Timberlane Road, Northern Highland-American Legion SF

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#1)  Timberlane Road, Northern Highland-American Legion SF

Postby DonCBragg » Sat Jul 02, 2016 8:02 pm

The Northern Highland-American Legion State Forest (NHALSF) covers over 232,000 acres in northern Wisconsin.  Established in 1925 and primarily assembled from tax-delinquent and unwanted (usually cutover and/or burned; sometimes briefly farmed) lands, the NHALSF is now a recreational paradise, with dense, primarily second-growth forests surrounding many lakes, streams, and other wetland habitats.  Some timber production is continued on these state lands, including some pine plantations, but most silviculture now focuses on naturally regenerating stands.  Natural regeneration of eastern white pine and red pine is a particular priority, with a number of harvests done to encourage these pines.  On Friday, July 1, I traveled to a stand of recently treated white and red pine just south of Woodruff in Oneida County, Wisconsin, along Timberlane Road (within a mile of state highway 47).  

 Part of this eastern white and red pine stand along Wisconsin State Highway 47 near the junction with Timberlane Road near Woodruff.

The majestic white and red pine in this stand, most of which are probably 100+ years old, tower above the shorter northern red oak, sugar maple, and other hardwoods found in this area.  This area is ground moraine, with good site quality (probably a decent Acer-Tsuga-Dryopteris habitat type).  This stand, which likely covers scores of acres, was recently harvested to clean up some windstorm damage and to improve conditions for natural pine regeneration (a dense hardwood under- and midstory had long since limited pine regeneration).  This made taking heights and diameters much easier than many stands.  Unfortunately, a pressing dinner engagement meant that I only had a limited time to measure tree heights, for which I focused on the pines.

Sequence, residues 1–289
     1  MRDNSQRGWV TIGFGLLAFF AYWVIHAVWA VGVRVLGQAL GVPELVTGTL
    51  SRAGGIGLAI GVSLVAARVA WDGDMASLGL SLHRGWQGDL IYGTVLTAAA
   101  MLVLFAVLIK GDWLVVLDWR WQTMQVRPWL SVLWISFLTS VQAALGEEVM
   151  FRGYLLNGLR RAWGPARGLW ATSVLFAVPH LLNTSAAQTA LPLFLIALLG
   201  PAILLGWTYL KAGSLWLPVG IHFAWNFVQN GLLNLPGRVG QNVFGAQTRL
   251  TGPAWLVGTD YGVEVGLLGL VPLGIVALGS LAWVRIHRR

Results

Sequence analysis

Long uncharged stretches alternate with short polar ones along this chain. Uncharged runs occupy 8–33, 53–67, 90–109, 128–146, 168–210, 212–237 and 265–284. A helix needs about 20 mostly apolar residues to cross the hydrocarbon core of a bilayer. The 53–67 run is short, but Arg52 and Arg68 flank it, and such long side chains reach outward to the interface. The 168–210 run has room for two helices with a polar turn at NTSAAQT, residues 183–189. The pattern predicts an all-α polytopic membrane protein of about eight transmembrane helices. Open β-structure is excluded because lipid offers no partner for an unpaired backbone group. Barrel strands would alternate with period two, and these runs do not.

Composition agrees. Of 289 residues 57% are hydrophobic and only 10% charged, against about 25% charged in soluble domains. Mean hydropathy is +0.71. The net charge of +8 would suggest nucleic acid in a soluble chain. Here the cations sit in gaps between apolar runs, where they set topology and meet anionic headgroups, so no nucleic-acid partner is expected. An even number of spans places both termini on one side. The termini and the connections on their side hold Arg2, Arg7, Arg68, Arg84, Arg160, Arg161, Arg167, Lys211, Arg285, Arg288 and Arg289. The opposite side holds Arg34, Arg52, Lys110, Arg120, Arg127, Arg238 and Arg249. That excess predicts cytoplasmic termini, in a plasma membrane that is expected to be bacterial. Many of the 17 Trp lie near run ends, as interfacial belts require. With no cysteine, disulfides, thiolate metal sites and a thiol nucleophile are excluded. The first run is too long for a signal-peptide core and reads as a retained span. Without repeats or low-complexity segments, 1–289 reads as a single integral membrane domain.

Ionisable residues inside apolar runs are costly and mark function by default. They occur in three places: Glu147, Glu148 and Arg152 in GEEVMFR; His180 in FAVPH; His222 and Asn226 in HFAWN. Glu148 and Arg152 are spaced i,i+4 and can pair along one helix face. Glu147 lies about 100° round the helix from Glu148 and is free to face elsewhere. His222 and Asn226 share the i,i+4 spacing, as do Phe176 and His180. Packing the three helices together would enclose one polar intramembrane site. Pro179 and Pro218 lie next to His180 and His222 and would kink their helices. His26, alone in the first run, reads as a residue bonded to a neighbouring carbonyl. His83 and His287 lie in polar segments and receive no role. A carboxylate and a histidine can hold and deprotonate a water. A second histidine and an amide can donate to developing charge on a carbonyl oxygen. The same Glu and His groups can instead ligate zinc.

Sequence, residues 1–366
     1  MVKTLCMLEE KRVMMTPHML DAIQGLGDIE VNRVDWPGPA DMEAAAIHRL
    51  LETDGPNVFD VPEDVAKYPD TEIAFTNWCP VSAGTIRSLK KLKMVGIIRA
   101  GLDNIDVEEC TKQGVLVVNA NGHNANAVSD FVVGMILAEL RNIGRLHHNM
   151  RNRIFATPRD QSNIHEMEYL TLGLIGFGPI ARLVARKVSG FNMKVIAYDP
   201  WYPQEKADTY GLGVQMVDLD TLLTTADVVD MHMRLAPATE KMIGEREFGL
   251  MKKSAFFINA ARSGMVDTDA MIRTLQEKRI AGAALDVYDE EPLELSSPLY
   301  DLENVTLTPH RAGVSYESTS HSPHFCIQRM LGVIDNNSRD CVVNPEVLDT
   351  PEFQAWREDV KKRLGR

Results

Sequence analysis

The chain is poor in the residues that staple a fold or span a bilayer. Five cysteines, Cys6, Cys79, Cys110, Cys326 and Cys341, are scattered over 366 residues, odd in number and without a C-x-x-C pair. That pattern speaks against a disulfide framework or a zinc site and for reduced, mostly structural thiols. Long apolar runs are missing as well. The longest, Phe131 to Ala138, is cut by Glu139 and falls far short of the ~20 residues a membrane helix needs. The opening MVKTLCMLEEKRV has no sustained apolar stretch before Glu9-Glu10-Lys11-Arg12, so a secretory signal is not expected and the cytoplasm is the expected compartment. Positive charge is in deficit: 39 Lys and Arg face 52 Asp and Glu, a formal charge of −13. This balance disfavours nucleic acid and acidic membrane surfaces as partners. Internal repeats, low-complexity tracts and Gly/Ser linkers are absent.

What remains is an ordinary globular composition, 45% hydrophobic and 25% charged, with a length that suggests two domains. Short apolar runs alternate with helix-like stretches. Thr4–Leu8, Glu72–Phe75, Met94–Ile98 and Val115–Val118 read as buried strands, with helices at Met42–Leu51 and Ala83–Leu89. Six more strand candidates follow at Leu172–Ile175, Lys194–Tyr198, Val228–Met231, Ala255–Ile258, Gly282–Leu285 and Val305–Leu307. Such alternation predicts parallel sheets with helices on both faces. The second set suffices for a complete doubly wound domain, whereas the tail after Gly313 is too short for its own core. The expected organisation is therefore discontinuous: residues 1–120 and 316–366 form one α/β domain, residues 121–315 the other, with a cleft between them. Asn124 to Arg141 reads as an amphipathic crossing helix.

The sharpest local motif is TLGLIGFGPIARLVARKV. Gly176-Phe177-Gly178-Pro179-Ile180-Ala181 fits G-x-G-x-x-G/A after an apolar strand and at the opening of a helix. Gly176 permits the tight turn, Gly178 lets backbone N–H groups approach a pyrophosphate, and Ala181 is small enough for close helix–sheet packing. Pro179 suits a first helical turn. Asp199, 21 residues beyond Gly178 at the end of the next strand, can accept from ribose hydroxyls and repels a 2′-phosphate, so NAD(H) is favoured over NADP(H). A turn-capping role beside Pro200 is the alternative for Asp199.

Eastern white pine dominate this recently thinned stand.

Species                         DBH (inches)     Height (feet)
Eastern white pine        35.0                    112.5
Red pine                       25.9                     95.0
Red pine                       23.3                    100.0
Eastern white pine         28.2                   109.0
Eastern white pine         33.7                   111.0
Eastern white pine         30.9                   100.0
Eastern white pine         27.1                      98.0
Eastern white pine         18.9                    108.0
Eastern white pine         28.2                    107.0
Eastern white pine         36.6                    103.5
Red pine                       23.3                      99.5
Eastern white pine         36.2                    105.0
Eastern white pine         31.5                    120.0
Eastern white pine         27.8                    111.5

As with other stands I’ve measured on this trip, the eastern white pines are the tallest and girthiest trees on this site.  Red pine also does well, with current maximum heights of between 100 and 110 feet.  Both pine species seem to have good apical dominance, suggesting they are not yet done with height growth.  Given how these trees tower over the rest of the forest in this area, I was somewhat surprised to find so few that were greater than 110 feet tall.  This area is periodically struck by damaging wind events, so that probably helps to limit height (somewhat).  These trees aren’t “topped out”, so I expect them to continue getting taller.  Indeed, finding the 120 feet white pine suggests to me that there are almost certainly others in this stand that are also at least 120 feet tall; some may even reach or slightly exceed 130 feet at this stage.  I suspect that, given enough time and few crown-damaging events, these eastern white pines may exceed 150 feet, as seen in other old-growth pine stands in northern Wisconsin.  Red pine will probably not get this tall, but may exceed 120 feet (given time).  I will definitely look to revisit this area in the future!

 Though not as dominant as the eastern white pine, red pine can be locally common.

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